Knowing the Word of God

     As I write this, my head is still spinning from our incredibly stimulating time
with brothers Walsh and Middleton. Most of you know that I look to Brian as an esteemed friend and it was so
good having current CCO staff finally meet him. I had never met Richard and, like you, was deeply impressed
with the way in which he has found himself in, and therefore wisely fluent in, the biblical drama. Quite a few
of us came away from the December Staff Seminar not only renewed in our commitment to do culturally-relevant
ministry within the postmodern context, but to be relevant precisely by sharing the biblical story.

     It is not my intent now to critique either Walsh or Middleton, or our response
to their provocative teaching. I do wonder, though: are you still living with some of the questions they
raised? Did you agree with everything they said? Shouldn’t their explosive insights have caused us a bit of
discomfort (and shouldn’t we have given voice to that?)? I trust that fruitful discussions are raging…

     It is nearly axiomatic to say that we don’t know the Bible as well as we ought.
At its deepest level, this calls into question our fundamental identity (and therefore our loyalties). It is
the basic argument Will Willimon makes in his beautiful and powerful little book, Shaped By The Bible: we
are who we are as we are shaped by the Bible, to not be a biblically-formed people is to not be fully Christian!

     We really know the Bible as it becomes our story; amassing sheer amounts of Bible
facts does not necessarily lead one to know the story, to own the story, to be graced by the story, to be
shaped by the story.

     Still (and this is my one big point for this column!) one can hardly claim to be
radically shaped by the Bible if one doesn’t know what it says. It is critically important to understand
the texts as they have come to us. We need to get the story line down pat (which itself is no small task)
and learn the skills of placing texts within the broader story. To be faithful Christian leaders, we need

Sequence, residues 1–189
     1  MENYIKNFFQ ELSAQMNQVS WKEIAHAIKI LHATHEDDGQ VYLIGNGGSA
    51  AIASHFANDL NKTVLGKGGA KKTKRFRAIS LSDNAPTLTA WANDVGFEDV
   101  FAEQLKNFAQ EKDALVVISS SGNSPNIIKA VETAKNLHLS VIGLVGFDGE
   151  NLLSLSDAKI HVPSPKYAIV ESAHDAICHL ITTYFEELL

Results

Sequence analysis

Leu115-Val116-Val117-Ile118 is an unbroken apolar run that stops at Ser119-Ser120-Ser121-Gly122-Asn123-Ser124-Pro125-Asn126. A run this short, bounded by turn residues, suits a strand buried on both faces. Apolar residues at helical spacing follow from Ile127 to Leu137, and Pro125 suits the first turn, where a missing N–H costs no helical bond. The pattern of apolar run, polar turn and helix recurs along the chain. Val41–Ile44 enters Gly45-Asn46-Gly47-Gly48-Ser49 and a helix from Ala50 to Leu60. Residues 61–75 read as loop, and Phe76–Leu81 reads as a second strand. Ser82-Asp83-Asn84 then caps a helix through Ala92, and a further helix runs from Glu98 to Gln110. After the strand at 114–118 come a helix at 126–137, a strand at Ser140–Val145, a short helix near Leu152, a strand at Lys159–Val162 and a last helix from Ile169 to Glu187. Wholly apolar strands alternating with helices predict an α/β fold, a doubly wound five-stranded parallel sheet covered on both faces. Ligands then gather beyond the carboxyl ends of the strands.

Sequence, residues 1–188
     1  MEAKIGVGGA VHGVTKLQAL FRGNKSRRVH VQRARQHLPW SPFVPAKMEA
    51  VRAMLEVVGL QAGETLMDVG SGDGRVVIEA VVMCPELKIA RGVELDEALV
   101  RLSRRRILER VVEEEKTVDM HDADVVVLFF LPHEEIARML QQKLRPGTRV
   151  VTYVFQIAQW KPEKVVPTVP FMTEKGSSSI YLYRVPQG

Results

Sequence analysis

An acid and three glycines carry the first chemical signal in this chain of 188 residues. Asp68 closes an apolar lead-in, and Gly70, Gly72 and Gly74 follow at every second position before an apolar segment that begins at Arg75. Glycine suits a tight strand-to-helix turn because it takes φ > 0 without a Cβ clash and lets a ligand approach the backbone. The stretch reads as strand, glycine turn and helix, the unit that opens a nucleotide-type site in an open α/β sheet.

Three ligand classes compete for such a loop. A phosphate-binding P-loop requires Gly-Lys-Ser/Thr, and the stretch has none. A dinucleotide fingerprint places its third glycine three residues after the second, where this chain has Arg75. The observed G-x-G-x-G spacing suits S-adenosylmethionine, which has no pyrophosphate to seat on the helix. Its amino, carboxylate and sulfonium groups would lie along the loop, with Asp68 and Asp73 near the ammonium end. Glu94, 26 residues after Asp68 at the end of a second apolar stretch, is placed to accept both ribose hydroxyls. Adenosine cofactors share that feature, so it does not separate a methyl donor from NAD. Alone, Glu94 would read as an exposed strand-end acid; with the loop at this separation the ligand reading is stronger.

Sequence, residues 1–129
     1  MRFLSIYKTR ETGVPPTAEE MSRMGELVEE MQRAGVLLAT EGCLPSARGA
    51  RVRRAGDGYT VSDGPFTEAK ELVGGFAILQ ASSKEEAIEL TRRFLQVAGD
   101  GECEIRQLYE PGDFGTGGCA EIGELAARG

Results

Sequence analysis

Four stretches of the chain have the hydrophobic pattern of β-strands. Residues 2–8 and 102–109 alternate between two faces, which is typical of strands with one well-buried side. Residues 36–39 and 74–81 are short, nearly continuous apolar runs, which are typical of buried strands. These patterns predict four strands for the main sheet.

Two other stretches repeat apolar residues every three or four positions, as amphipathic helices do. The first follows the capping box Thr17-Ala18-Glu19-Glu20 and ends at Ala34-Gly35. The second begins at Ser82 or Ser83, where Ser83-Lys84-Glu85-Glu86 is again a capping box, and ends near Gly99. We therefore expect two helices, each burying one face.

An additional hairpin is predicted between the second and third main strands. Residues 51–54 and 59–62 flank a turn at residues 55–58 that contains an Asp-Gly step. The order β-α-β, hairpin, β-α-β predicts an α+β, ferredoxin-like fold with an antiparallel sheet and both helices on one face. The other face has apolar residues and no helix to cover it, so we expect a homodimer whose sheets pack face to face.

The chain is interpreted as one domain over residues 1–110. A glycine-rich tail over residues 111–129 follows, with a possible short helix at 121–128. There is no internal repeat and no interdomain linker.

to invest in biblical research aids and tools to help us understand the Word and teach it effectively. We need
to resolve to spend the time, energy and money necessary to learn the Bible.

     Richard’s recommendations of several commentary sets were, in my opinion,
excellent ones, although the New Interpreters are very expensive and the Interpretation series is comprised
of rather pricey hardbacks. Perhaps you should be saving up for them, or approaching a specific supporter to
contri-bute towards a similar set. (Not a bad way to illustrate to your supporters our evangelical commitment
to the authority of Scripture!)

     For those who can’t at this time purchase a mighty set of semi-scholarly
commentaries, or who may feel that they are not even ready for such serious biblical research, here are a few
less expensive suggestions; a few, I would think, could be routinely used with your fellowship groups and
disciple-making teams.

Eerdmans Handbook to the Bible (Eerdmans) $25.00. Many one-volume commentaries are too brief to be
really helpful (a good study Bible would be just as useful). This handbook, however, gives nice thumb-nail
overviews of every section of Scripture with lots of sidebar pieces and extended articles. Now out in
paperback, with full color pictures, this is very, very nice.

The Bible Makes Sense by Walter Brueggemann (St. Mary’s Press), $9.95. I certainly agree with Middleton’s
recommen-dation of Brueggemann. This brief intro to the Bible is absolutely fantastic. Rather than exegete a
particular passage or examine the details of a particular story, he challenges us to allow the Scripture to
challenge our imagi-nations and renew our visions. Brueggemann characteristically looks at themes and claims
that loom large over and within a text and shows how such claims are subversive to the typical claims of our
culture. If you haven’t read Brueggemann, start here.

The Prophetic Imagination by Walter Brueggemann (Fortress), $12.00. Both Walsh and Middleton touted
this as one of the most important books on the Bible they’ve ever read! Besides being a good intro into
Brueggemann’s method, it reminds us that the task of prophetic ministry is to “nurture, nourish and evoke a
consciousness and perception alternative to the dominant culture around us.” This can easily be followed
up by David’s Truth in Israel’s Imagination and Memory and The Hopeful Imagination: Prophetic Voices in
Israel. All three are semi-scholarly, fairly accessible, brilliant, dangerous and very, very necessary. I
pray that God uses these books to make us into a more prophetic ministry.